Foodlink F and B Holdings India Private Limited vs. WOW Momo Foods Private Limited
In this Trademark Infringement case, Foodlink F and B Holdings India Private Limited (Plaintiff) filed for injunction before the Delhi High Court against the WOW Momo Foods Private Limited (Defendant). This case portrays a clear factual scenario, wherein the Plaintiff registered their mark with effect from 15th December 2003. Furthermore, it is also well established that both the marks are used for providing similar services under the “BISTRO” tag, and both the Plaintiff and the Defendant run upmarket restaurants offering Chinese – or Indo Chinese – cuisine.
The Hon’ble High Court thus recognized the following issues that arises out of this case: firstly, whether the plaintiff’s and defendant’s marks are confusingly or deceptively similar so as to result in infringement within the meaning of Section 29(2) of the Trade Marks Act, 1999; secondly, whether the plaintiff is entitled to such claim.
The Hon’ble High Court’s examination encompassed two core issues emerging from this case. Firstly, the Court maintained that prima facie, there can be no doubt that the words CHINA BISTRO, in the case of the Plaintiff’s mark, and the words WOW! CHINA BISTRO, in the case of the Defendant’s mark, constitute their essential feature. A customer of average intelligence and imperfect recollection comes, may ponder whether both establishments are managed by the same entity or share some affiliation. This prima facie indicates infringement under Section 29(2) of the Trade Marks Act regarding the aspect of confusing or deceptive similarity.
The Hon’ble Court also addressed the second issue, pertained to the plaintiff’s right to allege infringement. The question arose due to the plaintiff’s claim to exclusive rights over both “CHINA” and “BISTRO” in the mark CHINA BISTRO. Additionally, since neither the word “CHINA” nor the word “BISTRO” is individually registrable as a mark, as “CHINA” is the name of a country and “BISTRO” is publici juris (a thing or a right that is open and exercisable by all persons), a commonly used expression regarding the restaurants, cafes and the like.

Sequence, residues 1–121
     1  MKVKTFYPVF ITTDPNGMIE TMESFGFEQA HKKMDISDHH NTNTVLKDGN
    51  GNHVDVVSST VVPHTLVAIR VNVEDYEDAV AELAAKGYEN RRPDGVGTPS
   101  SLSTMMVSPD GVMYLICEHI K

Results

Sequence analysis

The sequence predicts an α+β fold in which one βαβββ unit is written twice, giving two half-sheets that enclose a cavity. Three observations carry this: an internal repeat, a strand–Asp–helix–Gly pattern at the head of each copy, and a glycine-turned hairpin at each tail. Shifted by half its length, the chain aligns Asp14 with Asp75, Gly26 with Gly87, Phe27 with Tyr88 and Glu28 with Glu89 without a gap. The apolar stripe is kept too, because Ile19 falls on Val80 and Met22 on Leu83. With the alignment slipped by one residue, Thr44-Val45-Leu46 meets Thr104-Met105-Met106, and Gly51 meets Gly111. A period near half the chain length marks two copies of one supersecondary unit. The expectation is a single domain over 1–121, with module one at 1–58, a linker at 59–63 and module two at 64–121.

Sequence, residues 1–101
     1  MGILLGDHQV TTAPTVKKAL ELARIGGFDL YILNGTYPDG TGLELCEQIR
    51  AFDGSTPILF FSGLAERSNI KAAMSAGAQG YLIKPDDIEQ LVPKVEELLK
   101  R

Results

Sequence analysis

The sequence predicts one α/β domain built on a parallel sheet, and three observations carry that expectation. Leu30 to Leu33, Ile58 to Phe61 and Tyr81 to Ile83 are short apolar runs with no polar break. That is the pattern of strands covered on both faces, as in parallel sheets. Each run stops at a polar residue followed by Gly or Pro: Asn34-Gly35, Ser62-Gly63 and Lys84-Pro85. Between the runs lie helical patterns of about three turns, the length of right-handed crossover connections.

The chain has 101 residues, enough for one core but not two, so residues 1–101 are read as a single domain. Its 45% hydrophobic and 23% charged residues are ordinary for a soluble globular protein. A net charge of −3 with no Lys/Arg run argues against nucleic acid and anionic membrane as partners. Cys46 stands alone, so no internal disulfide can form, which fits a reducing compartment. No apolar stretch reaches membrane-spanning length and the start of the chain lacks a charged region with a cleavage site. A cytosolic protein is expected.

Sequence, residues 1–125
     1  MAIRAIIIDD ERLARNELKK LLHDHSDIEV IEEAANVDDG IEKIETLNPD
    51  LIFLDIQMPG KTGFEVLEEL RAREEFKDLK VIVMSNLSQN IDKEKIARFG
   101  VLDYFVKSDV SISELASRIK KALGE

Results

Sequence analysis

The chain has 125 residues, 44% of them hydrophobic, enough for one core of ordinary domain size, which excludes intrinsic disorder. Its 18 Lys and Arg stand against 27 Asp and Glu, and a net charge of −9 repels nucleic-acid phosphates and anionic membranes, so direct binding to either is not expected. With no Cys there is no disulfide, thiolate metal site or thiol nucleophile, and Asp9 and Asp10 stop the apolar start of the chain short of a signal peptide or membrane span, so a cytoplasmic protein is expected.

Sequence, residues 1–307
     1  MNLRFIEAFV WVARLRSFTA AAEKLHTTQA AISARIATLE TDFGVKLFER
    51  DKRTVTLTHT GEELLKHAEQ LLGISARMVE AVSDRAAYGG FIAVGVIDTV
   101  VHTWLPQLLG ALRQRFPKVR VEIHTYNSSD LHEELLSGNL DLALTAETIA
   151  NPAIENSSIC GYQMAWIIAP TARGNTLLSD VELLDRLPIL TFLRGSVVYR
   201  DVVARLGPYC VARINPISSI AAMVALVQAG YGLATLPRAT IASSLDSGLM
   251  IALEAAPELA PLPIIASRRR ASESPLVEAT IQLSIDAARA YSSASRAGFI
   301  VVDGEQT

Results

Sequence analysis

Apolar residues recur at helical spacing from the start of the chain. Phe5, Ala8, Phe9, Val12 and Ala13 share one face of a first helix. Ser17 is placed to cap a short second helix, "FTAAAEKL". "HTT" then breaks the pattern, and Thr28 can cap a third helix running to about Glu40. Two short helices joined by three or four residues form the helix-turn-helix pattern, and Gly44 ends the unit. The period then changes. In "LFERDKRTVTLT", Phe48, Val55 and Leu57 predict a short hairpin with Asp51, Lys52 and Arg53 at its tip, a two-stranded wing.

The Hon’ble Court thus concluded that in view of Section 17 of Trade Marks Act, it is not permissible for the court to dissect the individual rival marks while examining the infringement. It is a well-settled principle that the court has to compare the marks as wholes. The Court further added that the plaintiff can allege infringement of the mark on the ground that it is deceptively similar to the composite mark CHINA BISTRO when seen as a whole. Simply put, disclaiming exclusivity in respect of the individual parts of a mark would not ipso facto result in disclaiming exclusivity over the composite mark as a whole. Two ordinary words, though completely lacking in distinctiveness when seen individually may, when combined together, be distinctive. Consequently, the Defendant was prohibited from using the mark “WOW CHINA BISTRO” in any manner, identical or deceptively similar to the Plaintiff’s mark “CHINA BISTRO” till further orders are to be passed in the suit. However, the Defendant is permitted to use “WOW! CHINA” without constraints.

Author of this article:
Adv. Ravish Bhatt,
Partner, R&D Law Chambers,
Dual Qualified Lawyer Solicitor | International Tax Affiliate

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